Whether you’re an extremely casual enthusiast or an informed red wine connoisseur, learn just how to store a glass of wine to extend the life (and also taste) of your wine.

Are you saving your white wine properly? If you are a laid-back wine drinker, storage space might not be a considerable problem for you. However, if you have greater than three or four containers on your wine rack, these storage steps can aid prolong your red wine’s life.

The first thing to know is that the majority of red wine offered ought to not be cellared or matured. For instance, keeping a $20 container of red wine for numerous years won’t make it taste better or make it worth more money. This wine would likely spoil.

Fine a glass of wine, on the other hand, can last for a number of years and also improves with age. These glass of wines are pricey as well as can cost upwards of $200,000. If you have this type of collection, a wine rack is essential, as well as white wine consessieurs can offer particular storage space directions for aging for every wine.

These actions and also suggestions will reveal you how to save a glass of wine appropriately in your home. They are not suggested to teach you just how to age red wine yet instead just how to protect everyday white wine, so it doesn’t spoil prematurely.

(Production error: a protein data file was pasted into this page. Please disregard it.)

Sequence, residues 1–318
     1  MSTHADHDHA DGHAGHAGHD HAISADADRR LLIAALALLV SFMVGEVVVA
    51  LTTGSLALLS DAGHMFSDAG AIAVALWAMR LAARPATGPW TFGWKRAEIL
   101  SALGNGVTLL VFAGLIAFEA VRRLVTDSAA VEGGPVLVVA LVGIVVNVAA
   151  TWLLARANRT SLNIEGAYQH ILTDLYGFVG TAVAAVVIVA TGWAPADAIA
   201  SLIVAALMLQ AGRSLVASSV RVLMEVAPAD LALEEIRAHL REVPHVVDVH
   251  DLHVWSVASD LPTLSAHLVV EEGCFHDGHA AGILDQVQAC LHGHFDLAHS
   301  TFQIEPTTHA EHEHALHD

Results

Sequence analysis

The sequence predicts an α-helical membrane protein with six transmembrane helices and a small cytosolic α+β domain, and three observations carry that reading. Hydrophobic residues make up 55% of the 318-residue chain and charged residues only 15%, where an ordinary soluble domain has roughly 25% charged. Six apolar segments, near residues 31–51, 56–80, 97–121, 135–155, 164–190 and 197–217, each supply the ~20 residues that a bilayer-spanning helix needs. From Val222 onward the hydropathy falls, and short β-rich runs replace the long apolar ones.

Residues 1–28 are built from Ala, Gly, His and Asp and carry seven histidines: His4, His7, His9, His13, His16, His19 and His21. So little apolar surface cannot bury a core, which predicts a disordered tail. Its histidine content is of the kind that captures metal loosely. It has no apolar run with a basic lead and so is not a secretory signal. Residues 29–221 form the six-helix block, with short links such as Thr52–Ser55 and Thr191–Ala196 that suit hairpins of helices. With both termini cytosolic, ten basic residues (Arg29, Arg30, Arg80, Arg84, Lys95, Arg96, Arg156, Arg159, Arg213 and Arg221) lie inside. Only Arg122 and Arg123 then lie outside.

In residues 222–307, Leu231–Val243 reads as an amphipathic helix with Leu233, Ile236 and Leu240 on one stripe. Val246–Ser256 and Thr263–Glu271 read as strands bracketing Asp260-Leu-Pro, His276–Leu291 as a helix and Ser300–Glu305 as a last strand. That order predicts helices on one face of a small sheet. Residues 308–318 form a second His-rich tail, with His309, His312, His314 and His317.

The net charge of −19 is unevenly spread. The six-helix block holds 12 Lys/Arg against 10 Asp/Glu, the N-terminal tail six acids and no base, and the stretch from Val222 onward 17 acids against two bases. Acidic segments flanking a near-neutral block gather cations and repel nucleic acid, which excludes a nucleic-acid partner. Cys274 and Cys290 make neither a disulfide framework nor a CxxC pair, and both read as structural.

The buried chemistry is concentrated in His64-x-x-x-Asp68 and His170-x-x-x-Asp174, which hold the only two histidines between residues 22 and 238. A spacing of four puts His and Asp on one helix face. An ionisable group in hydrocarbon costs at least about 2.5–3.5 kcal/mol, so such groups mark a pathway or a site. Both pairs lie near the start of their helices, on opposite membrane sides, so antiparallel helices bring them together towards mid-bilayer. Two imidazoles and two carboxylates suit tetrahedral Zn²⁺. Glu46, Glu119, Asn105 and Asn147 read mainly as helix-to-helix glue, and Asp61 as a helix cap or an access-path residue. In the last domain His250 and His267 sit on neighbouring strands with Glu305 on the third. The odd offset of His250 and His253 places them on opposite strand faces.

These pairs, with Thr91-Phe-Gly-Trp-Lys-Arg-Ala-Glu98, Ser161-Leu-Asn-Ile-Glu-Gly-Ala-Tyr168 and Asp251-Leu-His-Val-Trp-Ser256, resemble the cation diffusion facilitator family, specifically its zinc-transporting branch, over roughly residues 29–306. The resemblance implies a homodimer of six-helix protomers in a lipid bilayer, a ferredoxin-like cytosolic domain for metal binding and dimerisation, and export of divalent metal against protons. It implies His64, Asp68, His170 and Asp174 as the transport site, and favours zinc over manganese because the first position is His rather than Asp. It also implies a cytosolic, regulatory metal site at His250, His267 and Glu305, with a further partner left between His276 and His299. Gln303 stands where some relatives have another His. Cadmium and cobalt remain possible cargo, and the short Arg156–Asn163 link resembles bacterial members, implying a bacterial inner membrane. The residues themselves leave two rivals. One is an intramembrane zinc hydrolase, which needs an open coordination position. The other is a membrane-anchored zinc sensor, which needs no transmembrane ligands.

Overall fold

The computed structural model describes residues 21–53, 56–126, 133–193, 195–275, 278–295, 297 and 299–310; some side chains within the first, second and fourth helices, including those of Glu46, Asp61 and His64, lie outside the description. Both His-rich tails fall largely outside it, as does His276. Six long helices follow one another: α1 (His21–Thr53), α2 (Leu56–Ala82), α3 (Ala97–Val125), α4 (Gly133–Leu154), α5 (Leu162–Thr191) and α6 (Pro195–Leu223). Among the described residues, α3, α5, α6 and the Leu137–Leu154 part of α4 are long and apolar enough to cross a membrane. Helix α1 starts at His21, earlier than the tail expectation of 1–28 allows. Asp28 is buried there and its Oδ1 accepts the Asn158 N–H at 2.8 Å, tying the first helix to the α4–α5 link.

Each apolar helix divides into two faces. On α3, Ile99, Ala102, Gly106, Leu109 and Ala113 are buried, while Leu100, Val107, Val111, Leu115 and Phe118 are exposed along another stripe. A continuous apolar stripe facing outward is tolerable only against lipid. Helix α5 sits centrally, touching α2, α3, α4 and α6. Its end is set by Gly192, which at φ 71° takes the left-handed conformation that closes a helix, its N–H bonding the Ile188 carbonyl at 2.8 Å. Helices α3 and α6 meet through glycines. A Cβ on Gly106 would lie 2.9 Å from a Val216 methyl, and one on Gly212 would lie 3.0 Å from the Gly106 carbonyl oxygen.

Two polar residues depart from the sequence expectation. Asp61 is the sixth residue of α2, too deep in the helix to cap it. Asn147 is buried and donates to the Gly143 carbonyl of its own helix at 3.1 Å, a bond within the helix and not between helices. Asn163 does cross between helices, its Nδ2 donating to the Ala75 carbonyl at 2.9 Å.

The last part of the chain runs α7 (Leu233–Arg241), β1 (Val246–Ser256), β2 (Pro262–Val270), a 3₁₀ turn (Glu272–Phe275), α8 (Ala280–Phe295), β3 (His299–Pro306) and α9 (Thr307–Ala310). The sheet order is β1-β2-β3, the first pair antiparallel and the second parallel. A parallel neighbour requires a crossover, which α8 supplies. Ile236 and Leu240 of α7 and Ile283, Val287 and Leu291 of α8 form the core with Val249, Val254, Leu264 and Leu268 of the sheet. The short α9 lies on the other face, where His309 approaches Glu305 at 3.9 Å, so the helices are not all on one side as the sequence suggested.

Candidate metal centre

The Best Way to Store Wine in 6 Easy Steps

1. Evaluate the wine that you want to put in storage.

Before you consider how to store wine, consider where to save a glass of wine. Ask yourself the following:

  • What sort of white wine do you need to store? Is it great wine?
  • How much red wine do you have and how long will you save it?
  • Do you plan to maintain it in your own residence or a wine cellar?
  • How will your red wine screen suit your day-to-day life?

As soon as you prepare to keep a container of red wine as opposed to eat it quickly, you require to focus on the correct temperature level, light, and humidity standards.

2. Avoid direct sunlight and find a dry, dark storage space.

Sunshine can cause sulfur-containing amino acids to oxidize, which consequently can alter the taste of the wine. Shop your white wines far from light, including direct sunlight and fluorescent fixtures. If your wine has a funny smell, ultraviolet rays have likely caused the wine to become “lightstruck.”.

White wine that is stored in clear bottles is especially susceptible to direct sunlight because the glass offers less protection than darker bottles. Be aware that incandescent light can also impact the integrity of the wine.

Vector illustration of the package sign – Keep away from heat – Solar radiation. Keep away from direct sunlight text. Packaging label. Black silhouettes, symple flat style
































The key takeaway should be to store your wine in a dark and dry place to preserve its great taste. If you can’t keep a bottle entirely out of light, keep it inside of a box or wrapped lightly in cloth. If you opt for a cabinet to age your wine, be sure to select one with solid or UV-resistant doors.

3. Store wine at a consistent temperature and humidity.

If there’s one crucial tip to remember, it’s this: store your wine at the right temperature and humidity! The best temperature to store wine is between 45 and 65 degrees. Any temperature above 70 can cause the wine to spoil.

Aim for 55 degrees, but any temperature between 45 and 65 will do. The humidity level for storing your wine should hover around 70 percent to avoid dried out corks, which can allow air into the wine. Humidity higher than 70 percent can cause mold.